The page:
Architectural Gems - Commercial Buildings
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Broadway is fortunate to be the home of some of Los Angeles' most iconic early 20th century architecture, with many buildings that feature Beaux-Arts, Vaudeville, or Art deco style.
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Bradbury Building (304 S. Broadway)-
The Bradbury Building , the oldest commercial building in Downtown Los Angeles, was constructed in 1893 built by novice architect George Wyman. The building was commissioned by mining millionaire Lewis Bradbury who decided to construct the five-story building at Broadway & 3rd Street as a monument to himself, allowing his legacy to live on as the namesake of the building. The building's incredibly unique interior design was inspired by Edward Bellamy's 1887 book "Looking Backward," a novel that took place in a futuristic utopian society in the year 2000. Artistic interpretation from this early sci-fi work heeded the unique designs that make the Bradbury Building such an iconic landmark today with its 50-foot high interior atrium, beautiful carved wood, terracotta tiles, and intricate wrought-iron grillwork.
The Judson-Rives Building (424 S. Broadway)-The Judson-Rives Building is a 10-story reinforced concrete and brick structure designed by architect C.R. Aldrich and constructed in 1906. It features a granite and terra cotta façade. The building is named after its 1920’s era owner who installed the movie theater that once occupied the ground floor.
12-story reinforced concrete on steel frame structure by Curlett & Beelman with ornamental bands and a rounded corner, glazed cotta facade designed to look like cut stone. The 1926 building is perhaps most distinctive for the decorative black and gold iron grille above the street-level storefronts. The intricate accessory was long covered by stucco and swap meet signage.
It has since been restored. Inside the building’s Fifth Street entrance, which is below a distinctive overhang bearing a stenciled cutout of the property’s namesake developer, an ornate carved lobby ceiling has been carefully repainted.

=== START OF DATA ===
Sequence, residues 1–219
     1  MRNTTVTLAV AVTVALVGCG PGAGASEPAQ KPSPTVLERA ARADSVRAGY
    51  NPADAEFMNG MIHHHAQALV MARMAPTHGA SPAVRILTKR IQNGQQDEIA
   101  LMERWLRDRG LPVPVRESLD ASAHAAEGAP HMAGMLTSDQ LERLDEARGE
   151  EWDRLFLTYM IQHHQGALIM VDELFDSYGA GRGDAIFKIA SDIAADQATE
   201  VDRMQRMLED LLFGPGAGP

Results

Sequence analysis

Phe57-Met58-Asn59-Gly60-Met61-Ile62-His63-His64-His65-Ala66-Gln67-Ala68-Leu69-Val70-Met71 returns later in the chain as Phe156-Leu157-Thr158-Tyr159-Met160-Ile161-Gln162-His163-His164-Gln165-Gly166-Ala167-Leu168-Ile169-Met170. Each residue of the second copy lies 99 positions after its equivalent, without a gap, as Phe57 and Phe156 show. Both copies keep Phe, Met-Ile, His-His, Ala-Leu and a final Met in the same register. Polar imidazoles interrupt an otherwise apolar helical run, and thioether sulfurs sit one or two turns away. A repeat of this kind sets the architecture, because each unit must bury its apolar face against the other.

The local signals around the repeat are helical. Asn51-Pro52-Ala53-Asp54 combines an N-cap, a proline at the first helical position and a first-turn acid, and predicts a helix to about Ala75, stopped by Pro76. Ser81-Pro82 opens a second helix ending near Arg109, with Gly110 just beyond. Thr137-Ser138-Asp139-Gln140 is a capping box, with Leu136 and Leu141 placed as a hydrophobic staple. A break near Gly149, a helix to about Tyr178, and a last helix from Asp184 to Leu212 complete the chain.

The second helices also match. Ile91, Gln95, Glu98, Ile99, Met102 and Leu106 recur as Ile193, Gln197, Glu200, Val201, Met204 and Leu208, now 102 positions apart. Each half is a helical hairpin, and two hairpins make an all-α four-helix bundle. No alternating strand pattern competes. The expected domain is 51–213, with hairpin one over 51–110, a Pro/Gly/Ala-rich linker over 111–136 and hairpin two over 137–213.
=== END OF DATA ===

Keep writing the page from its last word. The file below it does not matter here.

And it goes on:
Broadway Spring Arcade Building (540 S. Broadway)-
Originally known as the Mercantile Arcade, the building was designed by architects Kenneth MacDonald Jr. and Maurice C. Couchot, modeled after 19th century shopping arcades in Paris and London. The Spanish Renaissance Revival/Beaux-Arts structure spans a full block between Broadway and Spring Street, featuring a unique retail arcade/pedestrian paseo. It is listed on the National Register of Historic Places as part of the Broadway Theatre and Commercial Historic District.
According to the Los Angeles Conservancy, the building was constructed on the site of Mercantile Place, a small street that by 1924 had been lined with shops for more than 40 years. A competition was held to find a design suitable to replace Mercantile Place. The winning architects, who were awarded $60,000 for their plans, preserved the retail activity and ambience of the street through the design of a glass-roofed arcade, which offers retail and a pedestrian paseo/promenade. Hallmarks of the structure are its intricately detailed, looming, terra cotta entrance arches. Thin twisted and beaded columns shape the narrow, delicate arches, which traverse the monumental entranceway arches. The central stories above the arches are sheathed with terra cotta molded to imitate stone blocks and the uppermost stories feature Doric columns, hanging swags and a scalloped cornice.
The historic Broadway Spring Arcade will be the new location of the popular Downtown restaurant/bar Royal Clayton’s. Royal Clayton’s gained popularity with Downtown crowds as one of the first establishments offering food and drink in the burgeoning Arts District more than five years ago. Peterson-Gower is serving as project representative for the pub’s new location, which will be operated by Tony Gower and owned by Gower Pubs LLC. The pub was fashioned after a 15th century pub, with found artifacts adding to its distinct décor. A similar ambiance is planned for the Broadway Spring Arcade location, which Tony Gower feels is ideal due to its reminiscence of London’s Covent Garden.
The pub, which will employ approximately 35 people, will offer three meals a day as well as late night service and patio dining, beginning this fall. It will specialize in fish and chips, shepherds pie, bangers and mash, Sunday roast, and full English breakfast, as well as healthy California specialties. Plans include an expansive bottled and draught beer selection to complement the pub atmosphere.
Schaber's Cafeteria Building (618 S. Broadway)-
Schaber Cafeteria was designed by Charles Plummer in the late 1920's.
Schaber’s Cafeteria on Broadway was a popular Downtown L.A. attraction, were people came for meals before and after shows at one of Broadway's movie theaters. The building and restaurant opened in 1928.
The building was severely damaged in the 1992 riots.
Other Commercial Buildings Include:
Singer Building (806 S. Broadway)
Apparel Center Building (814 S. Broadway)
Eastern Columbia Building (849 S. Broadway
May Company (S.W. 8th & Broadway)